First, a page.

I’m supporting the Friends of the Lake District (FLD) bid to extend the southern boundary of the Lake District National Park. It’s good to see such ambitious plans proposed. In recent years some campaigners have been too timid regarding the extension of park boundaries and the creation of new National Parks. Good to see FLD taking a lead.
Here’s what FLD are saying:
Friends of the Lake District has submitted a formal request to extend the southern boundary of the Lake District National Park to Natural England (NE) for its consideration; Natural England is the government agency with the statutory powers to create a National Park or vary its boundary.
The extension proposed would incorporate an area of outstanding landscape in the south of Cumbria, its land and its estuaries, increasing the size of the Lake District by 155 km2 increasing its overall area by approximately 6%.
It incorporates the area between Silecroft and Grange-over-Sands, the Millom Without, Furness and Cartmel peninsulas and the majestic estuaries of the Duddon, Leven and Kent rivers, all three of which rise in and traverse the Lake District.
The Preface in our Executive Summary sets out the motivation for submitting this proposal and just why we think that this area should be considered for re-designation by Natural England and given National Park status.
Executive Summary Preface
The land and estuaries of South Cumbria are stunning landscapes with high quality recreational opportunities that are treasured and valued by local people and visitors alike. This land of the Millom, Furness and Cartmel peninsulas is intersected by the incredible estuaries of the Duddon, Leven and Kent rivers, all three of which rise in and traverse the Lake District.
This landscape is so closely related to the geology, geomorphology, cultural history and wildlife of the adjacent Lake District National Park that an increasing number of local residents have questioned why this area was not included in the originally designated National Park. Discussions with Friends of the Lake District led to an Area of Search being developed, and soundings have been taken over the last year confirming a groundswell of opinion that statutory designation should be sought to provide the protection that the landscape deserves.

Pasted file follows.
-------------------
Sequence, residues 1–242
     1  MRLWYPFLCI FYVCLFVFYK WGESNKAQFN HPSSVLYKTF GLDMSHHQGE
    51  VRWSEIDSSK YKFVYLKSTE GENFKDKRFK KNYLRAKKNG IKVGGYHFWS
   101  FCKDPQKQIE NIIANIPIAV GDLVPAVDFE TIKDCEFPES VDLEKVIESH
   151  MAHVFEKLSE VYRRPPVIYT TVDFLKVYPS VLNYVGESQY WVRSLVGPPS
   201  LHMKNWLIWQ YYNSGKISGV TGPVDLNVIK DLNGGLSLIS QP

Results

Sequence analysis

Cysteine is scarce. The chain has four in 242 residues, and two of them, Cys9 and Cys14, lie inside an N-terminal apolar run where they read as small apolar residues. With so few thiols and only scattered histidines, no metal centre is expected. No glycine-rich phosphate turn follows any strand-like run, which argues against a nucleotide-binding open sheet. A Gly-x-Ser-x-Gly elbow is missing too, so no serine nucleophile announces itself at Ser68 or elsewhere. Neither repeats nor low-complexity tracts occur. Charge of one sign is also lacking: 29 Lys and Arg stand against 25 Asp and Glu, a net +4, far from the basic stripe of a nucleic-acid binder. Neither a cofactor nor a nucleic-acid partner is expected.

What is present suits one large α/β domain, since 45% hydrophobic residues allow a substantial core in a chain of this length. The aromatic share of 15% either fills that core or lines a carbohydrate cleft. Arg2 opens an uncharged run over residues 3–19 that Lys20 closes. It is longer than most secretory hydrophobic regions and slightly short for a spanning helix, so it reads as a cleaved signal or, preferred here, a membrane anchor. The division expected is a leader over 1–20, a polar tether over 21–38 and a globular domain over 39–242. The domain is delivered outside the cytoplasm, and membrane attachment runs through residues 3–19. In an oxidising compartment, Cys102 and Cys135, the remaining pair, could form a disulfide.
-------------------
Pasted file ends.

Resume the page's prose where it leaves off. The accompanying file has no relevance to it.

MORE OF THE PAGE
Friends of the Lake District is aware that this application includes land which was originally recommended for inclusion in the Lake District National Park in the Report of the National Parks Committee in 1947, (the Hobhouse Report), as being of the quality affording National Park status, and also covers land formerly designated in 1993 as part of the Lake District Environmentally Sensitive Area.
This led us to consider that the current boundary of the Lake District National Park between Grange-over-Sands and the Irish Sea coast at Silecroft should be reviewed. We commenced a research project to assess whether or not the quality of the landscape as it is now warrants statutory designation under Section 5 of the National Parks and Access to the Countryside Act 1949.
A team of Dr Jan Darrall and Frank Lee carried out background research into the history of this landscape and the processes that should establish a way forward. Alison Farmer, of Alison Farmer Associates (a landscape architect with specialist expertise in landscape evaluation for designation), was then appointed to carry out a detailed assessment of the landscape and to make any recommendations, if identified, for the amendment of the southern boundary to submit to Natural England. This Project has also been greatly assisted by the expert knowledge of Ian Brodie, a former Director of Friends of the Lake District.
This team, all with previous experience of National Park boundary revisions, have with the full support of Friends of the Lake District and the local parish councils, brought this Report forward supporting their conviction that a strong and urgent case can be made for a further boundary extension to the Lake District National Park. We strongly commend active consideration by Natural England of this work in order to secure necessary amendments to the boundary of the Lake District National Park.